The dovetail is the most recognisable of all the woodworking joints. Not only is it enormously efficient, but it can also be highly decorative. It has great mechanical strength, and needs little assistance from glue. Dovetails are generally used in situations where two components are to be joined at right angles, though they can also be handy for other jobs such as end-to-end jointing. They are traditionally used in drawer construction where both the lapped joint and the through joint are used.
REDUCE BREAK-OUT WITH SHALLOW CUTS
If you’re experiencing breakout on the front of the vertical board, take a shallow cut across the jig from right to left before routing out the slots.
For maximum strength a dovetail must be accurately cut with the correct slope to suit the timber being used. The generally accepted dovetail slopes for hand cut joints are 1-in-6 for hardwood and 1-in-8 for softwood. The dovetail is a demanding and time-consuming joint to cut by hand. However there are a great many jigs on the market to speed up the process.

JIG RULES
To use a dovetail jig successfully it is important to follow certain rules.
• Your timber must be properly prepared and evenly thicknessed. The ends must be square and precisely dimensioned.
• Router cutters must be kept sharp, particularly dovetail cutters, as they are always used at full depth and cannot cut joints in a series of shallow passes like other cutters.
• Your router will need to be fitted with a fine height adjuster, as precise adjustment is vital for dovetail cutting. A useful gadget that will also help you achieve the correct setting is the Trend Depth Gauge.
• Practice on scrap timber before committing your valuable workpiece to the jig.
• Always wear ear defenders and safety glasses when routing.

HOW TO ROUT A DOVETAIL
The basic principles of setting up and using are common to most jigs.
Here’s our step-by-step guide:

Once you’ve assembled your jig according to the instructions, fix it to the surface of your workbench. It’s best to fix it to a piece of plywood or MDF and then clamp that to the bench, so that you can move it out of the way when you need more space. A setting block is needed to check that the relationship between the template, the edge guides and the jig body is correctly fixed. This is made from a prepared square edged board with a line marked 3mm in from each side, and another 15mm in from the front.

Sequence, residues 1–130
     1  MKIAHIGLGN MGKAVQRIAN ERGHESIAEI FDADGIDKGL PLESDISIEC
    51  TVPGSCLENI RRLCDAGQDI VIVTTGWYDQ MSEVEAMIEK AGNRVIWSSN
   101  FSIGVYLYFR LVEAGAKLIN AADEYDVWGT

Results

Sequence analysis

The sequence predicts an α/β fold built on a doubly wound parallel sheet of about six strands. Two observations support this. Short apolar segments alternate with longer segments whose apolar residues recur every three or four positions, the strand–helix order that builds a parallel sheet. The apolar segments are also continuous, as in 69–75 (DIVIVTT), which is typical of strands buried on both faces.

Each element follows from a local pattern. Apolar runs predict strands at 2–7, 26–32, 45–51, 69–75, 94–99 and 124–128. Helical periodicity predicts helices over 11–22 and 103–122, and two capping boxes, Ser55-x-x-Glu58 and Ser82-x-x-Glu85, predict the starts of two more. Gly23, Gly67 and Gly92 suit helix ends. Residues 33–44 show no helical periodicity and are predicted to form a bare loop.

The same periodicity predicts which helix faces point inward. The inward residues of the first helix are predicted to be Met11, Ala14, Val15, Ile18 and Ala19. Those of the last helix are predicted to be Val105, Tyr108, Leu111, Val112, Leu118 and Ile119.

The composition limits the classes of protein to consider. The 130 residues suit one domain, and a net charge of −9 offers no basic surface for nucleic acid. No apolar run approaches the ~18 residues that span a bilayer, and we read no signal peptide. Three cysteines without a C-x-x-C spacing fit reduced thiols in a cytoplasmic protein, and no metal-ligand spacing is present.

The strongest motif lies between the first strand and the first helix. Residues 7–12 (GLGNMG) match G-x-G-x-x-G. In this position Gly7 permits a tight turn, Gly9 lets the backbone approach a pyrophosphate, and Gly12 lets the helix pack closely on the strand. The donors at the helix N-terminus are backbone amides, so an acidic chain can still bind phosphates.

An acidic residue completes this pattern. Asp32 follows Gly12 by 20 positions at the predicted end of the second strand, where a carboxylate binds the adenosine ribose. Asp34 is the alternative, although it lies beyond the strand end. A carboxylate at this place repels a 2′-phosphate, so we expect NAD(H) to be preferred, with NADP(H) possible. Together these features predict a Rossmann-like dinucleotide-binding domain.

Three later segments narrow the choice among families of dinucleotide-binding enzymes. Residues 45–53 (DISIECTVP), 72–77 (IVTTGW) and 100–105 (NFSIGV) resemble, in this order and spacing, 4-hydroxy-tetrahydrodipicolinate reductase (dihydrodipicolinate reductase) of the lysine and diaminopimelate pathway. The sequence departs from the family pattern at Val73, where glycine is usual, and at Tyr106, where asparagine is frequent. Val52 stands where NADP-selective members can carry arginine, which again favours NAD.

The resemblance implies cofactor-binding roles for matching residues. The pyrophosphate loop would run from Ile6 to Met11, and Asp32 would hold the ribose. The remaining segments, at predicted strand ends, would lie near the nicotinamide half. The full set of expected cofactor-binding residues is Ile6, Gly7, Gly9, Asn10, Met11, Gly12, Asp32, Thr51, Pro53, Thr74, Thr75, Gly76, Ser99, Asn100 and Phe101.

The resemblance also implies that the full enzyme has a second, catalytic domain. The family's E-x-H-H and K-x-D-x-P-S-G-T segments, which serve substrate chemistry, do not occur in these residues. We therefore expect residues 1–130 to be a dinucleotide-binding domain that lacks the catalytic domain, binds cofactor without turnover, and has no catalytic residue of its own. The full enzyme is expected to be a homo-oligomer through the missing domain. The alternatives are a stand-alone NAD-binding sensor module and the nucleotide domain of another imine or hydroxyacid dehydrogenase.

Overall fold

Clamp a piece of scrap in the front position on the jig and butt the setting block against it and clamp it down. Make sure it’s clear of the edge guide. Fit the template in place, loosen the top clamp and slide the setting block across until the marked line is just visible on the left hand edge of the jig. Re-clamp the block. The template must now be adjusted so that the marked line across the front of the board is just visible at the back of the template slots. Use the nuts at the end to wind it in or out.
Remove the template without disturbing the setting block, and then slide the edge guide up against the setting block and tighten securely. Repeat on the other end of the jig. Fit the dovetail cutter into the router collet making sure that no more than a quarter of the shank length protrudes. Fix the guide bush set the depth of cut as recommended. Lock the router down. You’re now ready to make your firs test cut. Take a pair of prepared square edged boards, and clamp them in position. Use a straight edge to ensure that they are perfectly aligned.
Fit the template, making sure that it lies flat on the boards, and tighten securely. The router must be held securely and you must take care to keep it level on the template. Put it at the left hand end of the jig, and make sure that the cutter isn’t in contact with the timber. Start up and gently feed the tool into the jig.
Work slowly in and out of each slot from left to right, making sure that the guide bush is in contact with the jig at all times. Check the joint and re-do any slots that are not clear. The joint is loose and also too shallow. To tighten the joint increase the cutter depth and to increase the depth, move the template towards the jig body. If the joint is too tight, raise the cutter slightly, and if it’s too deep, move the template away from the jig.